The scene is more reminiscent of a Strictly Come Dancing set than a science classroom.
The pupils, all A-level biology students, are bopping around to the strains of Michael Jackson’s “Blame It On The Boogie” with their teacher as dance master.
The song has been renamed the “DNA Boogie” for the occasion and they use different hand movements as they dance around to remind themselves of what contributes towards the chemical structure of DNA
For instance, a fist pump represents the phosphate that sits at the top of the DNA structure, a body wriggle represents sugar and pointing towards the floor indicates its nitrogen base.
For good measure, he also gets the students to deliver a rollicking version of the song of “Dem Bones” to remind them of the make-up of the body.
The song, just revived by actor James McAvoy in the current stage remake of the 1970’s Peter O’Toole film, “The Ruling Class”, helps them identify the parts of a skeleton:
“The toe bone’s connected to the foot bone,
“The foot bone’s connected to the ankle bone.
“The ankle bone’s connected to the hip bone,
“Hear ye the word of the Lord.”
Welcome to the world of Richard Spencer, head of science at Middlesbrough College, who could become Britain’s first millionaire classroom teacher by the end of month as a result of being shortlisted for a global teaching award.
He is one of 10 teachers worldwide to be shortlisted by the global teacher of the year award - teaching’s equivalent to the Nobel Prize which is awarded by the Varkey Foundation, an international foundation dedicated to pursuing excellence in teaching. The winner of the award will be announced in Dubai, the headquarters of the foundation, in a fortnight’s time.
“All 10 of us will be there,” he said. “I think it will be an Oscar-style announcing of the winner.”
Dr Spencer has been a science teacher for the past 23 years - the first 22 years of which were spent at Bede’s College, Billingham, before his move to Middlesbrough.
It was his students at Bede’s - where he first employed his all-signing, all-dancing techniques, who suggested he put into the award.
“Singing and dancing are only part of my teaching,” he said. “I remember a very bright student called Ben said ‘I just don’t get what’s going on.” They were talking about how a cell could clone itself.
“I took him through how the chromosones duplicated and separated by using hand movements,” he said.
“Walking home I realised I could make a dance out of it. That evening I found a song and put different movements to it and that was the birth of the of the ‘Mitosus Mamba’.” The students dance and mime their hand movements to the former soccer World Cup theme tune “There’s An Awful Lot Of Coffee in Brazil”.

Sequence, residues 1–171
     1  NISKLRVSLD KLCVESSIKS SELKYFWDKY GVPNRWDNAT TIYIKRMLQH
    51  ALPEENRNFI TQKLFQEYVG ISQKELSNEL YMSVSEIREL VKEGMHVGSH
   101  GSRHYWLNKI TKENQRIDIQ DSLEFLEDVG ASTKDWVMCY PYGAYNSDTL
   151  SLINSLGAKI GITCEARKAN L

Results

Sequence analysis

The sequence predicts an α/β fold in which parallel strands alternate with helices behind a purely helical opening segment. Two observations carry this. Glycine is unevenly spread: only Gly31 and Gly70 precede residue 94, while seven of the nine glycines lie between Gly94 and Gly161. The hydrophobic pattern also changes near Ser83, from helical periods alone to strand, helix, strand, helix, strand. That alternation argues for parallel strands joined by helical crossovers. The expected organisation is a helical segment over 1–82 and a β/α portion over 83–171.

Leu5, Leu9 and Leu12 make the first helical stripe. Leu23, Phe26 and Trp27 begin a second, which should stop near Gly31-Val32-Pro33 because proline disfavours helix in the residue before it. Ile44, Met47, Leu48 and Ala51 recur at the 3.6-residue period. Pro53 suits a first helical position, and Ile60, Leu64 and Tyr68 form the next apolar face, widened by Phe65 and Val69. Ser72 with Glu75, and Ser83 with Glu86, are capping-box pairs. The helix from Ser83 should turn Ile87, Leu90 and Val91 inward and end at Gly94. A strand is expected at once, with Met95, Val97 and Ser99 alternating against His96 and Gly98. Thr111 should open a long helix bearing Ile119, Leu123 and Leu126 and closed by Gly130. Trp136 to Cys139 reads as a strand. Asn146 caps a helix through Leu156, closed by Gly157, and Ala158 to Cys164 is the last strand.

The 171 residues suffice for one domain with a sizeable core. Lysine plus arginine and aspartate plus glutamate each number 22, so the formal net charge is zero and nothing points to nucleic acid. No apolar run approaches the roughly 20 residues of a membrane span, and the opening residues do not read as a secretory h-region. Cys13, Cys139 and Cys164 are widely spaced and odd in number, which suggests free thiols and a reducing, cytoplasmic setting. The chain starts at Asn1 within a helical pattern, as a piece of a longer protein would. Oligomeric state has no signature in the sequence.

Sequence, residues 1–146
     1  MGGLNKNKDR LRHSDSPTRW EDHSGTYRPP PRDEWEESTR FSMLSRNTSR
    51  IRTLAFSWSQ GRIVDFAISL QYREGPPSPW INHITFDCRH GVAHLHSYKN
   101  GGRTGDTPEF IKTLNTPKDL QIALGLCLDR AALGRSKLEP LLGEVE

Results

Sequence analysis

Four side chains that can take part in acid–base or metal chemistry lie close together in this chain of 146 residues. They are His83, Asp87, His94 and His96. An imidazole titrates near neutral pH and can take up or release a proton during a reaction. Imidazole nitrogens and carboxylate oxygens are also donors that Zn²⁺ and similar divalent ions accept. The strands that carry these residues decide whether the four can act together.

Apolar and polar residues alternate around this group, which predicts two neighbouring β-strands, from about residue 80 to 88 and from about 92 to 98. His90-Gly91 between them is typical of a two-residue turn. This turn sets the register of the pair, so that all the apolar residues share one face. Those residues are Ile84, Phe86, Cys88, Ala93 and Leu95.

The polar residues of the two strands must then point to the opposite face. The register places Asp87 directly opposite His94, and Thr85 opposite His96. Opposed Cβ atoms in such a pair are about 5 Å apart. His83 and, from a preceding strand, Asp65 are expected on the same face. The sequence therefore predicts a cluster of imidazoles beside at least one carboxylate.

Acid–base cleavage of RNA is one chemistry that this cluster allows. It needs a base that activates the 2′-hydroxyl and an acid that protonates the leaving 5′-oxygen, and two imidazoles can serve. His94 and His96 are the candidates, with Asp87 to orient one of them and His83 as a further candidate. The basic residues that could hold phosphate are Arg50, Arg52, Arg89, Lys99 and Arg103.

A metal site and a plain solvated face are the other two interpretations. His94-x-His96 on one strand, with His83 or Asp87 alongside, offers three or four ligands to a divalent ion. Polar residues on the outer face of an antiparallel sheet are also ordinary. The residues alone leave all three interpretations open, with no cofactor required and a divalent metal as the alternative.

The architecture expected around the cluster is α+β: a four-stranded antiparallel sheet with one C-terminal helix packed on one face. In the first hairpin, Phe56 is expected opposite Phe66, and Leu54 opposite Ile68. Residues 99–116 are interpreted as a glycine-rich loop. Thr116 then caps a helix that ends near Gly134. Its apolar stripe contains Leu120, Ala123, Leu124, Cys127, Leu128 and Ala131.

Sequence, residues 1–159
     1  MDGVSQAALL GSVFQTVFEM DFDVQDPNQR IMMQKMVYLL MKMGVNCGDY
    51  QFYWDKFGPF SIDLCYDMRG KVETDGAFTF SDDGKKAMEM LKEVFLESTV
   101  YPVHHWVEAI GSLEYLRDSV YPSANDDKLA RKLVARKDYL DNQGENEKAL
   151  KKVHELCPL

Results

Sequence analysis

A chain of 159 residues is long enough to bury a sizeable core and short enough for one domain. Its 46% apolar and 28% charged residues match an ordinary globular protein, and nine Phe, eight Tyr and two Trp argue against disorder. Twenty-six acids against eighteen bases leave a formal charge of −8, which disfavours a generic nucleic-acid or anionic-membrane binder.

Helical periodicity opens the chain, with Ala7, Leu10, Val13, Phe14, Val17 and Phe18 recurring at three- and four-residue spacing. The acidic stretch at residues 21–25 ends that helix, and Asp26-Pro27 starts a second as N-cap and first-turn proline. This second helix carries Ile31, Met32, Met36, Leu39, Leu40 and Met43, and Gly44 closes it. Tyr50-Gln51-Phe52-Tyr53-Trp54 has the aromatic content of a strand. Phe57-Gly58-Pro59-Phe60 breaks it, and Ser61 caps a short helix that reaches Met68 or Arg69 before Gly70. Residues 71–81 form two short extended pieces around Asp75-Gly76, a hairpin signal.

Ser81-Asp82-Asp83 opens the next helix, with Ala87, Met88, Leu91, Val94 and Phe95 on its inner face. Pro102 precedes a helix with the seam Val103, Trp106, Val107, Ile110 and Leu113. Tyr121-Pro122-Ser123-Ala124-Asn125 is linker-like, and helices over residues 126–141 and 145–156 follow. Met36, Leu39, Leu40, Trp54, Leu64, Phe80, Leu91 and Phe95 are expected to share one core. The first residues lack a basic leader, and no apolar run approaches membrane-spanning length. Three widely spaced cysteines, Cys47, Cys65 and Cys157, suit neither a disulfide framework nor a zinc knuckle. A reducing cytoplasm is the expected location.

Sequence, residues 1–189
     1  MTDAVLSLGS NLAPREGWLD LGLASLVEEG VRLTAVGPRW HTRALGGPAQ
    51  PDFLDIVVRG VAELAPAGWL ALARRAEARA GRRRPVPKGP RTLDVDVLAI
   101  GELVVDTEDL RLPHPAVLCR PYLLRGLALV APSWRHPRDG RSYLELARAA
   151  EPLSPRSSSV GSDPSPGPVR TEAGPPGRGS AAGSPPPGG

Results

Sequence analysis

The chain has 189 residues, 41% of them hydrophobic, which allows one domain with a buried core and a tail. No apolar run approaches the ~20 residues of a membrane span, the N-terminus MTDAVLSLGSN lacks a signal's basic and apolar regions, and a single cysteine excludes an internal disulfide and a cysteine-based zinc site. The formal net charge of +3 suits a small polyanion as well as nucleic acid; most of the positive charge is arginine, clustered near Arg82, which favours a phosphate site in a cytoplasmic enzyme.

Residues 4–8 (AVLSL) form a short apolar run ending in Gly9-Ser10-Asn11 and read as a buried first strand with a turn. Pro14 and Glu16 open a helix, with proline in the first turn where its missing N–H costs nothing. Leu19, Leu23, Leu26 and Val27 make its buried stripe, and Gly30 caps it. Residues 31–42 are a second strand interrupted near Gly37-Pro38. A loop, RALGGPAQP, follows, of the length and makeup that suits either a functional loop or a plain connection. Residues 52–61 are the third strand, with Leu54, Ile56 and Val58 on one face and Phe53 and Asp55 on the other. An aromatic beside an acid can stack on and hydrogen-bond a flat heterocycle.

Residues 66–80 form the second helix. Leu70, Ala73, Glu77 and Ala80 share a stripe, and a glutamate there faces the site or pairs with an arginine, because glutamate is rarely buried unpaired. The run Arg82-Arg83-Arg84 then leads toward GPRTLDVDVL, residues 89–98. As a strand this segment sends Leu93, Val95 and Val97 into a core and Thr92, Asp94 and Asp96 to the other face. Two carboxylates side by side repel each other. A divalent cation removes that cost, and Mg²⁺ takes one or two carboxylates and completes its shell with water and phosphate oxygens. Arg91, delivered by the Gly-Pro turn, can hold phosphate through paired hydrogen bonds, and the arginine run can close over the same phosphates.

Dr Spencer - he started life as a PHd researcher before switching to teaching - is adamant his songs help his students remember scientific concepts more readily.
Some of them have even been said to start shuffling in the course of their exams as they recall the tunes to try and trigger their memories to answer questions.
“It’s a kind of basic memory trigger so they’ll be sitting there in their seats and it will come to them through the song,” he said.
“I really believe it helps them with their memory. A-level students are discerning so if they don’t see it as helpful they won’t go along with it but if they see it as a part of learning then it is fantastic and a help to them.”
His students agree with him. Tom Ramsey, aged 17, admitted “it wasn’t the sort of lesson I’d been thinking of” when he first stepped into Dr Spencer’s biology class. “I do remember things better through it,” he added.
“It’s really different to my previous school. They were horrible. I think our teacher hated kids.
“The lessons here are a lot of fun and you learn more.”
News of Dr Spencer’s shortlisting has helped give the college a boost, too. Felicity Holden also aged 17, said: “We’re a very deprived area here. When I tell people I’m at Middlesbrough College, people just say ‘oh?’ but I’ve always wanted to come here because it is more of an informal atmosphere.
“I think it is a really good thing for the college.”
Dr Spencer was one of 1,300 original applicants for the prize which was gradually whittled down to 10 as observers saw video clips of the candidates’ teaching and read dissertations from them on their teaching.
He is already getting invitations to speak at conferences as a result of the short-listing and is quite surprised by all the attention he has been getting.
“I haven’t really given it any thought,” he says when asked what he will do if he does win the $1 million dollar award - which is spread over a decade.
One thing is sure, though, this 51-year-old will have to remain in teaching. Each candidate has to sign a contract saying they will remain in the classroom for five years if they win - although they have to be prepared to act as a global ambassador for the foundation speaking in public forum about improving the quality of the teaching profession.
Staying in the classroom, though, for him will be no hardship. “What I love about teaching is the privilege of working with young people, to fire their passion and reciprocate their energy,” he said.
“The opportunity to be creative and think of different ways of communicating science and the buzz of seeing those ‘light bulb’ moments when challenging topics start to make sense for students and you realise hours of planning innovative learning experiences were worthwhile.”Reuse content